Europe was the ultimate beneficiary of Eurasia's east-west orientation: in the first millennium BCE , the Mediterranean areas of Europe adopted Southwestern Asia's animals, plants, and agricultural techniques; in the first millennium CE, the rest of Europe followed suit. The rise of nonfarming specialists such as craftsmen and scribes accelerated economic growth and technological progress.
These economic and technological advantages eventually enabled Europeans to conquer the peoples of the other continents in recent centuries by using the guns and steel of the book's title.
Eurasia's dense populations, high levels of trade, and living in close proximity to livestock resulted in widespread transmission of diseases, including from animals to humans. Smallpox , measles , and influenza were the result of close proximity between dense populations of animals and humans. Natural selection forced Eurasians to develop immunity to a wide range of pathogens. When Europeans made contact with the Americas, European diseases to which Americans had no immunity ravaged the indigenous American population, rather than the other way around the "trade" in diseases was a little more balanced in Africa and southern Asia: endemic malaria and yellow fever made these regions notorious as the "white man's grave";  and syphilis may have originated in the Americas.
Threats posed by immediate neighbours ensured governments that suppressed economic and technological progress soon corrected their mistakes or were outcompeted relatively quickly, whilst the region's leading powers changed over time. Other advanced cultures developed in areas whose geography was conducive to large, monolithic, isolated empires, without competitors that might have forced the nation to reverse mistaken policies such as China banning the building of ocean-going ships.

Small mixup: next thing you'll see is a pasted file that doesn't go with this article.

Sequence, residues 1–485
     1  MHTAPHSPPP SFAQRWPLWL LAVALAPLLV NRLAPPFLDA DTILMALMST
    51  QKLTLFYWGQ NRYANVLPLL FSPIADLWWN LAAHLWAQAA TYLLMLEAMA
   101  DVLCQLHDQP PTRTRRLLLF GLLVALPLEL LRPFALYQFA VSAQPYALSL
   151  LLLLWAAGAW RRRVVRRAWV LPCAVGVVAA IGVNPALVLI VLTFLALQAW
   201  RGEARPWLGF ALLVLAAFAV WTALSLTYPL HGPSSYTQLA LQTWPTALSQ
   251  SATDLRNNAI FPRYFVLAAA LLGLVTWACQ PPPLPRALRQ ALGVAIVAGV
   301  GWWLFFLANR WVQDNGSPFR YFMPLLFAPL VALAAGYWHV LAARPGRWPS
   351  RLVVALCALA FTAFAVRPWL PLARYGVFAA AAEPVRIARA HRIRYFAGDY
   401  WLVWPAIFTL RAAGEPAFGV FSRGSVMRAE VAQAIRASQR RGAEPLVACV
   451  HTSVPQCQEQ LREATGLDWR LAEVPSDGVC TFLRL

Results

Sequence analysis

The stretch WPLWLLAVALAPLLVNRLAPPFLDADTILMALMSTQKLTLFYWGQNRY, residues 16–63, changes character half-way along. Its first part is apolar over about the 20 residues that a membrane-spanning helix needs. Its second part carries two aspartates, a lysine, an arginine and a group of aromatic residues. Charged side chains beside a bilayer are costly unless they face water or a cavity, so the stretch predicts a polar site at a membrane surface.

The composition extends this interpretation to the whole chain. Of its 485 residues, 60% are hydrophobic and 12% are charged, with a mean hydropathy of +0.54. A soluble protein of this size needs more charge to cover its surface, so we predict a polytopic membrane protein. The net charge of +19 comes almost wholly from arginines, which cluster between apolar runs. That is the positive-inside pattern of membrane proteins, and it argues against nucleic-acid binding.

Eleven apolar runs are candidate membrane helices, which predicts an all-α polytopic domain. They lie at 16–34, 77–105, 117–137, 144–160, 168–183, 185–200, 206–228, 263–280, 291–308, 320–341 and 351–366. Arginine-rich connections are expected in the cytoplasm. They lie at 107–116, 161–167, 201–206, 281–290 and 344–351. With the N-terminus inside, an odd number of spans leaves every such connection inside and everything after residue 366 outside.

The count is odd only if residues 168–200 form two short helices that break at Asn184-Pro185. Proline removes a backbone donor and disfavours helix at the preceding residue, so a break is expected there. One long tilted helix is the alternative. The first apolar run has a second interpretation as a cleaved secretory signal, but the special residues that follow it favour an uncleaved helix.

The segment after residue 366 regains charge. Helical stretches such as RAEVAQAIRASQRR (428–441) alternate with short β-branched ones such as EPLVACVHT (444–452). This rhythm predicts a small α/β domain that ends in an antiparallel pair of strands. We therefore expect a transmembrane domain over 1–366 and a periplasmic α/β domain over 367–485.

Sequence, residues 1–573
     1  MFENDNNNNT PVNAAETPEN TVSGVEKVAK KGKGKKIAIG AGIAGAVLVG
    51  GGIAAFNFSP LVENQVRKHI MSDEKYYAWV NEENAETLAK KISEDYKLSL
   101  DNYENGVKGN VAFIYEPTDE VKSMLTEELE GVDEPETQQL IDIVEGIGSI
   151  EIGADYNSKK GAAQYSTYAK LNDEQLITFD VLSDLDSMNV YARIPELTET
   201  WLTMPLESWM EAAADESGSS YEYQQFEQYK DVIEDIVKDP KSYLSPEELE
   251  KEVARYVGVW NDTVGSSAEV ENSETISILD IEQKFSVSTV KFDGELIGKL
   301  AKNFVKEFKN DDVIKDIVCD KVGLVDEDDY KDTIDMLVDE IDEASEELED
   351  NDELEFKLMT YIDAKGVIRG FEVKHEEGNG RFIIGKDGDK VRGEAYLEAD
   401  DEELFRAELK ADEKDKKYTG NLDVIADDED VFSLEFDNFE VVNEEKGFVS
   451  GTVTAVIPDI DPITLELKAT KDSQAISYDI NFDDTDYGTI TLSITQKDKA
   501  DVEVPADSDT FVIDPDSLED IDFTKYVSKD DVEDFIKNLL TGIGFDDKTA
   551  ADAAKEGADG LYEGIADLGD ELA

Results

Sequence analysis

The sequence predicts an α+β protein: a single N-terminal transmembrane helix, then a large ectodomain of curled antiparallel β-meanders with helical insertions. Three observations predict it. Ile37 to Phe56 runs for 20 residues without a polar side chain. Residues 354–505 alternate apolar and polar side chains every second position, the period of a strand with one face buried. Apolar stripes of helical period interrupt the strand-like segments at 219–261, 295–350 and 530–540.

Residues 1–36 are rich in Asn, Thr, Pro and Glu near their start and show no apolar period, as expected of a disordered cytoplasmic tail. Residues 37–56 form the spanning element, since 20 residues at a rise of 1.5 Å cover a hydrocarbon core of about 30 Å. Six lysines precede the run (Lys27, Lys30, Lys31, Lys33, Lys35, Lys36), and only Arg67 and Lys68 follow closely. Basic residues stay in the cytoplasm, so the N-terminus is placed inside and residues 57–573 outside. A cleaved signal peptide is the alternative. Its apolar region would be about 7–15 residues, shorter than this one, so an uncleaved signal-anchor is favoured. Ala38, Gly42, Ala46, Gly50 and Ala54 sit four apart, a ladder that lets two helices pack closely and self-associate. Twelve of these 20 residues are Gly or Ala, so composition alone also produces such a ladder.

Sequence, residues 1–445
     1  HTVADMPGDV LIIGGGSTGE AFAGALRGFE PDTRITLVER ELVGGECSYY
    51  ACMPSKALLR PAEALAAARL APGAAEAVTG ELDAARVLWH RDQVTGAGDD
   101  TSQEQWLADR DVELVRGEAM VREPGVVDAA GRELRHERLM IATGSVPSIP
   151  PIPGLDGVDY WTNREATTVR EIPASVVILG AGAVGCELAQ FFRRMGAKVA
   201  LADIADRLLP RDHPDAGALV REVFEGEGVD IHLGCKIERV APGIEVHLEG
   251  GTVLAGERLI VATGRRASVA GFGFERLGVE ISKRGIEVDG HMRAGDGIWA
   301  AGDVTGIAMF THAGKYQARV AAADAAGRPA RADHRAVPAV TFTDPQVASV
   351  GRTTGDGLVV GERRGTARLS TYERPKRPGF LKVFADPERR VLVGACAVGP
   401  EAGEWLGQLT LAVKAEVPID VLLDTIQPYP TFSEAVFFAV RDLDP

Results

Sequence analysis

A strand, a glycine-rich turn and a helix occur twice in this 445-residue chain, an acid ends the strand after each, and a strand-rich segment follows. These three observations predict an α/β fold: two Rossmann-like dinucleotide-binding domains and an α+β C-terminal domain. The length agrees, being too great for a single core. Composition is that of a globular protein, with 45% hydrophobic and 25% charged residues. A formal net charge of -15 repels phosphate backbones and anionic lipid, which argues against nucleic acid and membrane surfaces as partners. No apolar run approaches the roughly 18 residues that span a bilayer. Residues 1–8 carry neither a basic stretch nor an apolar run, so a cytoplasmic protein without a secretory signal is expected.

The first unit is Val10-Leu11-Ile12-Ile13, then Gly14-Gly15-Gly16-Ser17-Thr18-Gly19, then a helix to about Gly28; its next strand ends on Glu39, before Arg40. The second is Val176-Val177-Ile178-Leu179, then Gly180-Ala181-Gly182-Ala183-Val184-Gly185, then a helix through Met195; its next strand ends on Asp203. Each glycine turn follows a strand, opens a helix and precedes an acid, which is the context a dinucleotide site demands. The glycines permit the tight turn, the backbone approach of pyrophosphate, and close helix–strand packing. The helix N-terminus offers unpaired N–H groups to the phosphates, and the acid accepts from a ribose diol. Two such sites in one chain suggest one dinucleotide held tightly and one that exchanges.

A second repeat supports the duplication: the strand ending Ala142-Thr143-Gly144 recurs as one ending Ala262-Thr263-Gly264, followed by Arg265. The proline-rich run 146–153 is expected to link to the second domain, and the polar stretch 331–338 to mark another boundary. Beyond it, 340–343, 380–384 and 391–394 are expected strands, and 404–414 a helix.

Western Europe also benefited from a more temperate climate than Southwestern Asia where intense agriculture ultimately damaged the environment, encouraged desertification , and hurt soil fertility. Agriculture[ edit ] Guns, Germs, and Steel argues that cities require an ample supply of food, and thus are dependent on agriculture.
As farmers do the work of providing food, division of labor allows others freedom to pursue other functions, such as mining and literacy.
The crucial trap for the development of agriculture is the availability of wild edible plant species suitable for domestication. Farming arose early in the Fertile Crescent since the area had an abundance of wild wheat and pulse species that were nutritious and easy to domesticate. In contrast, American farmers had to struggle to develop corn as a useful food from its probable wild ancestor, teosinte. Also important to the transition from hunter-gatherer to city-dwelling agrarian societies was the presence of 'large' domesticable animals, raised for meat, work, and long-distance communication.
Diamond identifies a mere 14 domesticated large mammal species worldwide. The five most useful cow, horse, sheep, goat, and pig are all descendants of species endemic to Eurasia. Of the remaining nine, only two the llama and alpaca both of South America are indigenous to a land outside the temperate region of Eurasia. Due to the Anna Karenina principle , surprisingly few animals are suitable for domestication. Diamond identifies six criteria including the animal being sufficiently docile, gregarious, willing to breed in captivity and having a social dominance hierarchy.
Therefore, none of the many African mammals such as the zebra , antelope , cape buffalo , and African elephant were ever domesticated although some can be tamed, they are not easily bred in captivity.